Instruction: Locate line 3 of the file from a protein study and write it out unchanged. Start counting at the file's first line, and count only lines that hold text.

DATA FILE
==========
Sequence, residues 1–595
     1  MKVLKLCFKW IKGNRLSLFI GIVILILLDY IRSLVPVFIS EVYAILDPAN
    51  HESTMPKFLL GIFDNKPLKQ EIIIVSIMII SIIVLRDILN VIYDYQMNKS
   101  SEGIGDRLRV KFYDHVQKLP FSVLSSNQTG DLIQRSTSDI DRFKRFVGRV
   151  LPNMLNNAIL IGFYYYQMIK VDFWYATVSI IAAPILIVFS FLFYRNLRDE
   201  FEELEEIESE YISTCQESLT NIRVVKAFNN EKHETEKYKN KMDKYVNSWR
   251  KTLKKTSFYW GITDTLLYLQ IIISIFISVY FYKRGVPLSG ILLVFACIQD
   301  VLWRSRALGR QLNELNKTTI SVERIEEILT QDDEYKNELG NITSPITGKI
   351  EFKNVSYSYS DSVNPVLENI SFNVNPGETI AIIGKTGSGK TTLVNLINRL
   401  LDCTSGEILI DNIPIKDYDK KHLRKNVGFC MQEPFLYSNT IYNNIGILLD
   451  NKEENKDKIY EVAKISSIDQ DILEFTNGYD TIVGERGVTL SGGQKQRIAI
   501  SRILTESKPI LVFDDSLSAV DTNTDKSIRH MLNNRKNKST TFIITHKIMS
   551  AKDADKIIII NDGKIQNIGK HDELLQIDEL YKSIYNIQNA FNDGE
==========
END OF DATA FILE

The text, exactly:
    51  HESTMPKFLL GIFDNKPLKQ EIIIVSIMII SIIVLRDILN VIYDYQMNKS